The primary treatment for ovarian and fallopian tube cancer is surgery and chemotherapy. The goal is to remove all of the tumor tissue and achieve a correct stage determination.
Patients with ovarian cancer in stage I in the low-risk group do not need chemotherapy. All other patients needs postoperative chemotherapy. Early stage fallopian tube cancer (£ stage II) may have a different biology from ovarian cancer. Many patients have lymph node metastases, therefore, a pelvic and paraaortal lymph node dissection is recommended during the primary operation. Stage I with infiltration of serosal tissue or tumor rupture increases the frequency of recurrence. Adjuvant chemotherapy may be considered.
Patients with poor general health condition, or high probability that the tumor cannot be completely resected, may be candidates for neoadjuvant chemotherapy, postponing the operation until after three cycles.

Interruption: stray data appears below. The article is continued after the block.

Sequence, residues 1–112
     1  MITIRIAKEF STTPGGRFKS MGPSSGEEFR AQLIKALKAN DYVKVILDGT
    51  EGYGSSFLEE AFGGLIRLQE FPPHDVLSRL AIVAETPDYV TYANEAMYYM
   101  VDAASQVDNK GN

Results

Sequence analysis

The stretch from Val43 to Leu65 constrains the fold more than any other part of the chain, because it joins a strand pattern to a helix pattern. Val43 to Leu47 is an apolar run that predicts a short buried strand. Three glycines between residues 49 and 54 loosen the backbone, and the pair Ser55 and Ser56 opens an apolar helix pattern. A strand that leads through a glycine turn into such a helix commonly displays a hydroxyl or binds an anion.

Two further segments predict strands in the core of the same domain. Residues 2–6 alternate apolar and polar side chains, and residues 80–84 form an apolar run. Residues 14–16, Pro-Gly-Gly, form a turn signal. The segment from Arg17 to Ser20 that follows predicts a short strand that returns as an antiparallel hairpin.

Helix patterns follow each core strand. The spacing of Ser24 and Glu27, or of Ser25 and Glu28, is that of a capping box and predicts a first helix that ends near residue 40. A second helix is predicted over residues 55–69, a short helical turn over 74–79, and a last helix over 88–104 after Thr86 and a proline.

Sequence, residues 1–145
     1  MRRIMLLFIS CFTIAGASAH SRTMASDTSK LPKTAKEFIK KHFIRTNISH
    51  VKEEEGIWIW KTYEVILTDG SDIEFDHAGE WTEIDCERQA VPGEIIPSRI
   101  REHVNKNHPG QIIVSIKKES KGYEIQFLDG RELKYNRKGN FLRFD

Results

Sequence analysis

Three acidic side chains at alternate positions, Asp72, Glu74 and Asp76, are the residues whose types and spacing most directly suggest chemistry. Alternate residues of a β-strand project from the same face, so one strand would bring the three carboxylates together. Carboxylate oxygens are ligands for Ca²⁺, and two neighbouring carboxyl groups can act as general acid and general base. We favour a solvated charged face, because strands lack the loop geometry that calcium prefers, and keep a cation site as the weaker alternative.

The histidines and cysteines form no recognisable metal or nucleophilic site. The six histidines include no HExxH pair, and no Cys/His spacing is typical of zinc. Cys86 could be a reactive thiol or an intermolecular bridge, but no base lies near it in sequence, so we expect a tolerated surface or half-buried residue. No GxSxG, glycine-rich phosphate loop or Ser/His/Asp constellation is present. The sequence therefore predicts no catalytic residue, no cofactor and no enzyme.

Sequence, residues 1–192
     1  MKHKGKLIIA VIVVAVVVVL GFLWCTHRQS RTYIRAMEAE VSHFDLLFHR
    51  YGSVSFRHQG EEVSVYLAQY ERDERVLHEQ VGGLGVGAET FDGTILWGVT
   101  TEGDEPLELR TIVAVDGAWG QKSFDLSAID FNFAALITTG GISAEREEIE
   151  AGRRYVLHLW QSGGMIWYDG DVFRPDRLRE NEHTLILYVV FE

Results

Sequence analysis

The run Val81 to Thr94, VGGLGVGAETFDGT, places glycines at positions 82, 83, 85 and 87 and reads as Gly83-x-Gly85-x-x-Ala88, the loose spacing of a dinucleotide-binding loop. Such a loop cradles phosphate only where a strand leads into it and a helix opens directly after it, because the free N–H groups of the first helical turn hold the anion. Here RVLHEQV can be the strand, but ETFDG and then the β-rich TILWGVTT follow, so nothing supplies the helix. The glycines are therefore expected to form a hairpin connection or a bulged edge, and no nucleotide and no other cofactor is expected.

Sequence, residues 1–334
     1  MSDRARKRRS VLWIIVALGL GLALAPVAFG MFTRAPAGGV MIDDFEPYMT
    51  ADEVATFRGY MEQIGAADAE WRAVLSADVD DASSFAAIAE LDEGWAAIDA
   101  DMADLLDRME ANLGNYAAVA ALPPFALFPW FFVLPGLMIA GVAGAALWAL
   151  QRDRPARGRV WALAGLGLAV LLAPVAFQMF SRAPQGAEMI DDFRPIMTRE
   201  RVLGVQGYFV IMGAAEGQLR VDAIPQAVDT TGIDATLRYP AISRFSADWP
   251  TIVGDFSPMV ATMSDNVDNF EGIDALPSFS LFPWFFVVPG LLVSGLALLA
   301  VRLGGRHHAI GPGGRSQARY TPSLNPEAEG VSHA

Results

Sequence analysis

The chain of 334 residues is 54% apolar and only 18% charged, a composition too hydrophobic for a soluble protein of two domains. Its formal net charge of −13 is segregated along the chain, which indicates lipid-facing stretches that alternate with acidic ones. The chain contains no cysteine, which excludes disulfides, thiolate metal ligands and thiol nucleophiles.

- Borderline ovarian cancer can usually be treated with surgery alone, even in advanced cases. This type of tumor is slow-growing and does not respond well to chemotherapy.
- Non-epithelial ovarian cancer is generally sensitive to chemotherapy and radiation therapy, but due to side effects, radiation therapy is not widely used.
- Germ cell tumors are high-grade malignant tumors which respond well to treatment with chemotherapy and radiation therapy. These tumors are often unilateral. Due to the sensitivity to chemotherapy, conservative surgery may be carried out and the patient will most often preserve her fertility.
Radiation therapy is not often used, except in specific palliative situations.
For recurrence of ovarian or fallopian tube cancer, where recurrence is twelve months or more after primary treatment, it is recommended to operate before starting chemotherapy, in some cases. For most patients, immediate chemotherapy is started.